Recently, our Safe at School Director, Crystal Woodward, got the chance to chat with Fran Cogen, MD, CDE, Director of Diabetes Services and Interim Co-Chief of Pediatric Endocrinology at Children’s Hospital. Dr. Cogen’s practice serves approximately 1,800 patients in the DC/Maryland/Virginia metro area, with 85 percent of those patients living with type 1 diabetes. Dr. Cogen has been working with diabetes patients since 2002 and is also a member of the ADA’s Safe at School Working Group. Ms. Woodward and Dr. Cogen spoke about the Safe at School program, diabetes management in schools and how parents can work with schools as a team—check out part three of this interview series, focused on tips for parents.
CW: Which Safe at School resources have been most helpful?
FC: ADA’s Safe at School Working Group has recently provided guidelines (through evidence-based research) on CGMs. With the new technology that pops up, these guidelines have been very useful for schools.
CW: What steps should parents take to make sure they understand their child’s needs and rights at school? And what steps should they take if they don’t think their child’s diabetes is being managed properly at school?
FC: The first thing is to speak to your child’s diabetes team—find out what’s going on. Sometimes, parents expect more than is possible from the school. Our role is to figure out what is appropriate. Second, our nurse educators (or myself/other doctors) will try to speak with the school nurse to find out what the issue is and resolve it in a satisfactory manner. If that doesn’t happen, the next step is to call the ADA’s Center for Information at 1-800-DIABETES.
CW: What do you see as the key role of the school nurse, and what can the school nurse do to ensure that kids with diabetes have access to care at all times?
FC: The school nurse needs to be knowledgeable about diabetes, meaning he or she also needs to be updated about the latest technology, gets appropriate education and knows his or her own limits. Since there aren’t school nurses at every school, a surrogate should be educated to make sure someone is there who has been trained to provide needed care. He or she also needs to know what is/isn’t appropriate for self-care, and have flexibility and willingness to work with the diabetes team. The nurse should be an advocate for the child at school, rather than an obstacle.
CW: So it’s a team approach. Who else would be on the team other than the school nurse?
FC: The school nurse is the advocate/leader of the team, we’re the medical end of the team and the parent must be included. Acting as an advocate for the child, if the child’s medical team deems that a child is able to manage independently, the school nurse should advocate for self-management.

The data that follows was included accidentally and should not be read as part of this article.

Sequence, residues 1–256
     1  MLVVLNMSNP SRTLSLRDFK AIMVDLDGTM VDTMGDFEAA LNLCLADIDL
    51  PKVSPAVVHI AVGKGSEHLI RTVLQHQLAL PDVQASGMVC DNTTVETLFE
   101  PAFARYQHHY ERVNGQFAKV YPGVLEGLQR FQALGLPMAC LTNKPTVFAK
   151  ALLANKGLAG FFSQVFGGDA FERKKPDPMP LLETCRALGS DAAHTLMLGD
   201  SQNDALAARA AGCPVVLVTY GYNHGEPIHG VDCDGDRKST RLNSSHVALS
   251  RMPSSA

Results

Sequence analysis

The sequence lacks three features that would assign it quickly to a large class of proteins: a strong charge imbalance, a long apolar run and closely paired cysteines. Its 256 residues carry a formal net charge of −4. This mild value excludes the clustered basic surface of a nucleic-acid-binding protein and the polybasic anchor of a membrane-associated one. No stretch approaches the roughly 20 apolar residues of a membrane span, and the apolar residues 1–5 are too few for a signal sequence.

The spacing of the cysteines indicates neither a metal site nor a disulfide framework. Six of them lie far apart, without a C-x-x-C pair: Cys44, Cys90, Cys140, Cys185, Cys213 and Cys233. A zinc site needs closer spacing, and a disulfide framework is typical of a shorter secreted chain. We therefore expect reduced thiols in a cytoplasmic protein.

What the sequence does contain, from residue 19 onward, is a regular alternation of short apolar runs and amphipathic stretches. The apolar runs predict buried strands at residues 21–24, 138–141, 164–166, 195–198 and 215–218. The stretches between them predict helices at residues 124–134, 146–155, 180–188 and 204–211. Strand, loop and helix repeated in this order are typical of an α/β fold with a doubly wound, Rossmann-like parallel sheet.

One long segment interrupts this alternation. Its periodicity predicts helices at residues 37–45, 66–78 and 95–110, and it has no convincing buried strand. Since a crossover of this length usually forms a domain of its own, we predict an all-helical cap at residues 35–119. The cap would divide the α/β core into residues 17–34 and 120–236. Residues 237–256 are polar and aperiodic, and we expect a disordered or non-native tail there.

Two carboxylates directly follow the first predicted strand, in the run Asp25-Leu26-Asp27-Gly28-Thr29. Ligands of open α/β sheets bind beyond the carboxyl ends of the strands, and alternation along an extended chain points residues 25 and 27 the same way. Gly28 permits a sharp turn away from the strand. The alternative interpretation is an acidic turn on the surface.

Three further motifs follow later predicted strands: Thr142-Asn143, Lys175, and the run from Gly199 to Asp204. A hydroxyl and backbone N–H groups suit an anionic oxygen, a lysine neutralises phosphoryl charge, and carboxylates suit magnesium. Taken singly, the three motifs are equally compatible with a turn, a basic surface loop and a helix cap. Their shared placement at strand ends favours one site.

CW: What do you think parents and schools can better do to work together to support a child’s transition to independence?
FC: A non-threatening attitude on both sides is very helpful. When parents go into a meeting thinking, “You have to do what I say,” the natural response is for the school to become defensive—that’s not where you want to be. I believe the approach should be, “We want what’s best for our child in school and we know that you do too.” I recommend that families meet with the school nurse before school starts so all expectations can be discussed. I also recommend writing a Diabetes Medical Management Plan and a 504 plan, even if the school says it’s not necessary. It’s not about punishing the school, it’s about clearly stating responsibilities and setting expectations.
CW: How would you say that the Safe at School program has impacted the lives of your patients and colleagues?
FC: The first thing is to know about it [is that] in the Safe at School theme of “Educate, negotiate, litigate and legislate,” my team’s part is the “educate” and “negotiate.” When it comes to conflicts, and the education portion is complete but a solution hasn’t been found, then the next thing is to call the ADA for information and guidance. The ADA has done Safe at School workshops for my team which have been informative. I tell all of my patients’ families to go to the ADA website and learn about Safe at School, and I have a sample 504 plan so they can see what it involves. It’s really a matter of awareness and knowing that the ADA exists to help in those cases.
CW: What should parents reasonably expect from schools in terms of using and supporting new technologies (like the Dexcom 6 Mobile)?
FC: That’s thorny—parents can’t expect the nurse to look at the kid’s monitor every minute. But the parent will be looking, so I think the nurses need to know what it is, how it works and how to treat lows and recognize and respond to alarms.
Interested in learning more about our Safe at School program? Check out our resources here.